Motivated by laziness

Computers are the greatest inventions for lazy people ever. Just today, my wife ordered dinner while lying in bed. I’m a big fan of laziness through ingenuity, where clever design results in great reward for minimal effort.

One way I measure effort is how many keystrokes I need to fulfill a certain task over my lifetime. So if I do a task that takes ~300 keystrokes, but I’ll probably only do it once in my life, then I just do it and get it over with. However, once it becomes apparent that a task will be done several times in my life (or week, or day), it’s time to script.

As an example, here’s the evolution of how I check DNS records.

  • Originally, it involved cd’ing to the directory (e.g. cd ~/src/chef/cookbooks/dns/). I’ll use git grep to find the record, but I’ll do a git checkout master; git pull upstream master to make sure I’ve got the latest records.
  • Given the frequency I run git checkout master and git pull upstream master, it makes sense to use git’s alias functionality to shorten them to git com and git pum. Bonus - this makes other parts of my workflow faster.
  • Another part that takes a bunch of keystrokes is changing to the DNS cookbook directory. I alias dns_cookbook to cd ~/src/chef/cookbooks/dns. This is much shorter and easier to remember, and I get tab completion as well. Bonus -this also makes it quicker to get to the directory for other DNS tasks.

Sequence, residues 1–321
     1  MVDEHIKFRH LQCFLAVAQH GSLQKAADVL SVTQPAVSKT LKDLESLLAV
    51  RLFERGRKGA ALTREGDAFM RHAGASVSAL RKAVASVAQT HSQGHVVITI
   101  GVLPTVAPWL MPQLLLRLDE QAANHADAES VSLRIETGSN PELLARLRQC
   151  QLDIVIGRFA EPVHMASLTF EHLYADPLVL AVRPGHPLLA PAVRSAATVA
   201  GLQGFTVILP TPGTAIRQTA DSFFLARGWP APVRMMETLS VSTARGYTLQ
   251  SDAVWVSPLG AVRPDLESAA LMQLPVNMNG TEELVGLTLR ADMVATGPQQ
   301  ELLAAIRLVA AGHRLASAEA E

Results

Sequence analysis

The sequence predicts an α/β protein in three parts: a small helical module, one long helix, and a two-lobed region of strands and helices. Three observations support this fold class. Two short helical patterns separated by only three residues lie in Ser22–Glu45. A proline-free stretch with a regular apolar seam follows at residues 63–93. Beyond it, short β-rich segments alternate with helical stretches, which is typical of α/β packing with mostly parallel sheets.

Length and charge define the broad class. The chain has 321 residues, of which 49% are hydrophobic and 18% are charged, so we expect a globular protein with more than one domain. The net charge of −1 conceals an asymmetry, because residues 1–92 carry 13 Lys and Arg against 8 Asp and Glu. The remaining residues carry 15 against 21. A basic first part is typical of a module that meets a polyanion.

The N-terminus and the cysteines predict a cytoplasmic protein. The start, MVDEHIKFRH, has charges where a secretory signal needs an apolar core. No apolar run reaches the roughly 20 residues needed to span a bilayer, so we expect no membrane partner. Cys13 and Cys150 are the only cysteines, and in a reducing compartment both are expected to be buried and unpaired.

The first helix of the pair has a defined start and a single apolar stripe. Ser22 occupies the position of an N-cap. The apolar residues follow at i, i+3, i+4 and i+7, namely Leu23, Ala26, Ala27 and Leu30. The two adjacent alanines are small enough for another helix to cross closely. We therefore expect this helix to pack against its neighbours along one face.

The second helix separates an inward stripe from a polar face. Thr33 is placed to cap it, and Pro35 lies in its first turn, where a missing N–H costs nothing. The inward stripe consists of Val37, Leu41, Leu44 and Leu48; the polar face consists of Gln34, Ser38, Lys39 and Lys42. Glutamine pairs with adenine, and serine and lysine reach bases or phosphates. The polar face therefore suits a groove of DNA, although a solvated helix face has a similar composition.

• There’s 4 separate steps so far: changing directory, checking out master, pulling the upstream master, and running git grep. Seems ripe for a script, right? I create a little shell script called dnsgrep, which passes its argument to git grep. Bonus - I can tab complete dnsgrep with “dnsg<tab>”, so it’s really only 5 keystrokes

So in summary:

cd ~/src/chef/cookbooks/dns; git checkout master; git pull upstream master; git grep <thing>


dnsgrep <thing>

I save 77 keystrokes every time I want to do this. Assuming I do this at least 250 times a year (at least), that’s 19250 keystrokes saved (after the initial scripting).

The important part in this win isn’t the keystrokes saved, though. It’s the amount of mental exertion required.

  • “I want to grep DNS records”
  • “I change directories”
  • “I check out master”
  • “I pull upstream master”
  • “I grep DNS records”


  • “I want to grep DNS records”
  • “I grep DNS records”

I’ve removed the steps between “I want” and “I do”. I get to be lazy, I get results faster, and drastically reduced the possibility of typing error.